The industrial revolution was thunderous. You could hear the factories and trains; you could see cities transforming; you could smell the changes. Our current revolution is silent. We can’t look out our windows and see the catalysts for the opportunities that will change the way we and our children do business, get educated and go about our daily lives. The silent revolution is built around human assets. It’s all about knowledge, information, and collaborative connections and partnerships-the powerful new tools driving our future don’t announce themselves with the clanking and sputtering of 19th-century factories, tanneries and mills, or the sprawling parking lots of 20th century malls.
The impact of this silent revolution is far from quiet. The role of management at every level is amplified. So is the influence of the customer. And the need for innovation, too. And the value of collaboration, and connections between countries, between colleagues, even between competitors. The worker’s ability to learn is far more important than ever, along with the growth of “smart” products that can diagnose their own problems and sometimes repair themselves.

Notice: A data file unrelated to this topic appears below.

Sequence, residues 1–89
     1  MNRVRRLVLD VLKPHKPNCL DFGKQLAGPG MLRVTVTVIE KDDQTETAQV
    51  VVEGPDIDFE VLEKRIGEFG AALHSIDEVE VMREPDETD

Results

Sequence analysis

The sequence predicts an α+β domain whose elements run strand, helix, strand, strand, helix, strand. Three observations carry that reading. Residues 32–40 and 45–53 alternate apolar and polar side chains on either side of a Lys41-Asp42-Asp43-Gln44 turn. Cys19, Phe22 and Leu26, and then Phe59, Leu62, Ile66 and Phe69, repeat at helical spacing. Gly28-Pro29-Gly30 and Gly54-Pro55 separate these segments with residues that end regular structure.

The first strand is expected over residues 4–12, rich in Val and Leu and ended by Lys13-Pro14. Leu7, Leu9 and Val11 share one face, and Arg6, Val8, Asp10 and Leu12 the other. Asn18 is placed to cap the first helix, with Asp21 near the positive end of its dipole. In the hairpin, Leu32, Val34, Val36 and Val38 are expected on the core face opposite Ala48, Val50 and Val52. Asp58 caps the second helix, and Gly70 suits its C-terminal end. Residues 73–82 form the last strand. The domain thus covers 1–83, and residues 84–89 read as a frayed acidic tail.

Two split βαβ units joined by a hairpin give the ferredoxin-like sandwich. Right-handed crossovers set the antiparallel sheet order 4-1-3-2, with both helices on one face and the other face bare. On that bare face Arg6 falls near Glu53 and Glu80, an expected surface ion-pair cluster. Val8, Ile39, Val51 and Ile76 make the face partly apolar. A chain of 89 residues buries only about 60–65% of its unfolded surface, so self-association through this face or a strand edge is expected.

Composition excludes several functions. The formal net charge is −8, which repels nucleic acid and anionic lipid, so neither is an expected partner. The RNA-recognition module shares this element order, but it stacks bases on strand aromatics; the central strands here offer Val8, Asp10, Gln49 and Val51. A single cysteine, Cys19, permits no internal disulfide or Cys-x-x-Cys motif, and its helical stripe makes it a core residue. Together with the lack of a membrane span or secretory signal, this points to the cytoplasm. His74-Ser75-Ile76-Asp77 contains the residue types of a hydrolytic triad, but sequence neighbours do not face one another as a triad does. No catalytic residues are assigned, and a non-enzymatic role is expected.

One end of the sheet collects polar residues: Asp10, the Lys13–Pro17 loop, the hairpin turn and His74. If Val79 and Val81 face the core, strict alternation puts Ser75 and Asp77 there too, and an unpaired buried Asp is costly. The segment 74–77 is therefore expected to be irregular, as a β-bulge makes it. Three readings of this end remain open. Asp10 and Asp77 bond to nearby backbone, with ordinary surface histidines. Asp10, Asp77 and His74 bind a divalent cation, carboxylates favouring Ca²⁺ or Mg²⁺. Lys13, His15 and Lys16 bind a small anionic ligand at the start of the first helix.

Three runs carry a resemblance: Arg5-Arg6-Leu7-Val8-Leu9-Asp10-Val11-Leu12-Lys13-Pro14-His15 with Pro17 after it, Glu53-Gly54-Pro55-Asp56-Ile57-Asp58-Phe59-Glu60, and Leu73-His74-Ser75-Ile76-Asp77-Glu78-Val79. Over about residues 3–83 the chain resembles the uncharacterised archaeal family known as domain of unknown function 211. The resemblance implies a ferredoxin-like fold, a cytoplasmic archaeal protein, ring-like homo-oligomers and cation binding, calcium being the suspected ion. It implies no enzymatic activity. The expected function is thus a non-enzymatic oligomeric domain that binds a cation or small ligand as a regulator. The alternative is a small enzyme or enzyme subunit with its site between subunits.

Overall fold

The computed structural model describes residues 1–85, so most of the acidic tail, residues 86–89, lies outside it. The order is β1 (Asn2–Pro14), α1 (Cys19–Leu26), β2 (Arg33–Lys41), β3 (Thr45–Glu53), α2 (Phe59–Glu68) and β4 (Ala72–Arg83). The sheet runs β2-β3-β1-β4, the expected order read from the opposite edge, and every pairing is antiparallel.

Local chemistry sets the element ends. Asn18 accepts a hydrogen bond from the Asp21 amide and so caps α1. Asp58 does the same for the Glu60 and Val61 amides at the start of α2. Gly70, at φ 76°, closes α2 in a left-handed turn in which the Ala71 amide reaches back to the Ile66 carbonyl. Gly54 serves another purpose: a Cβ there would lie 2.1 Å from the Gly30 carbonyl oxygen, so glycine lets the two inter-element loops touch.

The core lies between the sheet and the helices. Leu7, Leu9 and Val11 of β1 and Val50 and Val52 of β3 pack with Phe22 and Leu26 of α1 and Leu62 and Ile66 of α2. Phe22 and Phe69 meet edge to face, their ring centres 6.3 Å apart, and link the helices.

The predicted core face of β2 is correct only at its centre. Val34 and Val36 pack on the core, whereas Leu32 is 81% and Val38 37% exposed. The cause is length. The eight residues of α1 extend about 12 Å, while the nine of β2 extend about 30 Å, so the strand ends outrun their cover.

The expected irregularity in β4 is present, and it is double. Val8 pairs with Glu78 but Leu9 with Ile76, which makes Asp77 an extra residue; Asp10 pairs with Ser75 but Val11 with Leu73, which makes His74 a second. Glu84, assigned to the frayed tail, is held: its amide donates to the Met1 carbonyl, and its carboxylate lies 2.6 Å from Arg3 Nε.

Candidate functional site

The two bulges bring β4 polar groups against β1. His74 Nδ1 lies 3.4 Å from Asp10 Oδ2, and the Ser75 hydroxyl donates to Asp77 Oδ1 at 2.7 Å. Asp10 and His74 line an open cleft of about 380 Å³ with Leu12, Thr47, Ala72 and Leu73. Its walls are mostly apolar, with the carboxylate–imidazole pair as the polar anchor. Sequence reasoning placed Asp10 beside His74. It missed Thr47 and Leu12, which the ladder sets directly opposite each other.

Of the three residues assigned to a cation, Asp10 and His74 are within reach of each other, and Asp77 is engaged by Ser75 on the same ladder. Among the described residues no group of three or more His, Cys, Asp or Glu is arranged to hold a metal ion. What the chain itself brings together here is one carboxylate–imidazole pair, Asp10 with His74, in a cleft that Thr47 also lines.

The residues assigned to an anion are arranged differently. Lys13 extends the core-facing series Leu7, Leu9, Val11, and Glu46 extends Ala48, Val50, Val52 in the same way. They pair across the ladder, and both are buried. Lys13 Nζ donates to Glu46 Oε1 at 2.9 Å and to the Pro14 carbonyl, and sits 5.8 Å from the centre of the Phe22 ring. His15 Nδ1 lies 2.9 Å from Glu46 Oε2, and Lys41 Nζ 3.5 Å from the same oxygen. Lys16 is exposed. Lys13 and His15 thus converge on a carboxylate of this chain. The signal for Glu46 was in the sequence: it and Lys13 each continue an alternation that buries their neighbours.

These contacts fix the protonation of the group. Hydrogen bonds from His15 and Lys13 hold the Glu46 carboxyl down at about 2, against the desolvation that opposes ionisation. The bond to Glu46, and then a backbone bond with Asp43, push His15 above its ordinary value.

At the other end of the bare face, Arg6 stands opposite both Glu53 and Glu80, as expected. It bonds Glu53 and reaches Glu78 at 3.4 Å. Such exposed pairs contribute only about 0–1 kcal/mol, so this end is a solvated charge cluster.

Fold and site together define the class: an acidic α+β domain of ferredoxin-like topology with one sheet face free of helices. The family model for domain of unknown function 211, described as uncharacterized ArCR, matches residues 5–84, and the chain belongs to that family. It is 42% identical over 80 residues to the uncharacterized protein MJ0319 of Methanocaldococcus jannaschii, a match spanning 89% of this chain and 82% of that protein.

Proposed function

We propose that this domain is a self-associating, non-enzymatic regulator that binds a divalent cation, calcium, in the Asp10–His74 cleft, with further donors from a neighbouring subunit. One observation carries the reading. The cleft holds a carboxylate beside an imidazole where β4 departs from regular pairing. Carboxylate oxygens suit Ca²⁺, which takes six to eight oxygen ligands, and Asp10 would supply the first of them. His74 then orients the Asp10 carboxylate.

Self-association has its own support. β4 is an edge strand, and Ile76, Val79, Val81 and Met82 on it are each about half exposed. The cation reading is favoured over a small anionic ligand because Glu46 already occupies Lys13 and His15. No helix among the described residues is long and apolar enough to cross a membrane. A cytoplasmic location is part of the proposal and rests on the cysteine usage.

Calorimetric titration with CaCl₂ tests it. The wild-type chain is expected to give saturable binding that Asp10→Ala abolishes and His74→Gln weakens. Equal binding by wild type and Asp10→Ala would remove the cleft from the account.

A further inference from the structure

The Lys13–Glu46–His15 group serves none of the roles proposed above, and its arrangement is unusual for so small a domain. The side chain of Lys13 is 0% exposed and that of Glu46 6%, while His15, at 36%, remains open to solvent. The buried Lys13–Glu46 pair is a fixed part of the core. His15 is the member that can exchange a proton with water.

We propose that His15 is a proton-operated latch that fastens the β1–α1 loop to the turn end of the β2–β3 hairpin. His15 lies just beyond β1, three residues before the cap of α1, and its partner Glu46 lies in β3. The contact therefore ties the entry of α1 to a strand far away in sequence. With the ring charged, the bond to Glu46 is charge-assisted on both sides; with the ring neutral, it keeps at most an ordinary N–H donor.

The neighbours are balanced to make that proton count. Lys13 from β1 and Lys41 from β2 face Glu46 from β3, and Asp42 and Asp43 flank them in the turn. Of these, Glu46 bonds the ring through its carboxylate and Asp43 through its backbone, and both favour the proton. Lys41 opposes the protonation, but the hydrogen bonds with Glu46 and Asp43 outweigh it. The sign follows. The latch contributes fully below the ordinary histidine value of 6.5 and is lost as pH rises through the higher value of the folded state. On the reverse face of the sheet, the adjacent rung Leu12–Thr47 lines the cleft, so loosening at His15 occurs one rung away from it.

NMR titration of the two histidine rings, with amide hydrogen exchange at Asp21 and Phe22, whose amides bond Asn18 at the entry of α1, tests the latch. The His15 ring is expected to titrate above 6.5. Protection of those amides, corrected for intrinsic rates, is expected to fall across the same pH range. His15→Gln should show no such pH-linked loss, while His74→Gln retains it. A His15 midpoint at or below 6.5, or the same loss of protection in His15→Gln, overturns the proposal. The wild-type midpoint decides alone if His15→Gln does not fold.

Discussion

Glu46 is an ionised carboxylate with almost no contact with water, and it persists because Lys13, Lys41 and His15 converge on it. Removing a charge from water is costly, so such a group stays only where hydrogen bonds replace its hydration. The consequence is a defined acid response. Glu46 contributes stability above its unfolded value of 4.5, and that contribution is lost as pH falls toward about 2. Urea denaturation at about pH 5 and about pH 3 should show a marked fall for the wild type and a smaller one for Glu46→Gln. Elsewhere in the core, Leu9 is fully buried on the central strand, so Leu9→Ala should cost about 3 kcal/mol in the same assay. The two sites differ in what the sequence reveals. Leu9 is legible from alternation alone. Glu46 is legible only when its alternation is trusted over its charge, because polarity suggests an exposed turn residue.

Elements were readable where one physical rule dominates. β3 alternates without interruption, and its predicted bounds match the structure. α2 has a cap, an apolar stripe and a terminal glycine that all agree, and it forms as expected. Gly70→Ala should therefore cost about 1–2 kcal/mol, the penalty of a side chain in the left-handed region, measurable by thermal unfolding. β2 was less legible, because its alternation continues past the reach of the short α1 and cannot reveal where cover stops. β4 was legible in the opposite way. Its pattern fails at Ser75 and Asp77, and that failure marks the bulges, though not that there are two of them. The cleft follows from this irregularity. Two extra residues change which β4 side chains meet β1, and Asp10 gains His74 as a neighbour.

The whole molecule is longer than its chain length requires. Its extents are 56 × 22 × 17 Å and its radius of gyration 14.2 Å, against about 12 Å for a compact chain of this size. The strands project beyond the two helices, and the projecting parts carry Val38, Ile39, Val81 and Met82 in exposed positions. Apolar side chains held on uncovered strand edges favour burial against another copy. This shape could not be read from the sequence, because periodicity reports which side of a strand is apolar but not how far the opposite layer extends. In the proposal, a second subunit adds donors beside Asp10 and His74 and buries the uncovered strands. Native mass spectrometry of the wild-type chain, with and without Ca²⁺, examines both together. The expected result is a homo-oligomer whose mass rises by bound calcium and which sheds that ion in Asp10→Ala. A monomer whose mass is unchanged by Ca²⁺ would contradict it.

In this revolution, managers are seeing the heightened risks from wrong decisions, no decisions, or poor execution of right decisions. We are navigating a new world that-far from being flat-is interconnected on every level. Distance often isn’t important when services can arrive on-line instantly; time has a new meaning when we measure progress in milliseconds rather than hours and minutes.
Let us learn from one of the best management thinkers, Peter F. Drucker, as we unleash and harness our talents while plunging ourselves and our children into this silent revolution.
Elizabeth Edersheim is the perfect guide for this journey. For the last 16 months of Drucker’s life, she had extraordinary, unprecedented access to him. She talked with the father of modern management about business practices, economic changes, and contemporary trends-many of which he had predicted decades ago.
As the New York Times said, “The story of Peter Drucker is the story of management itself.”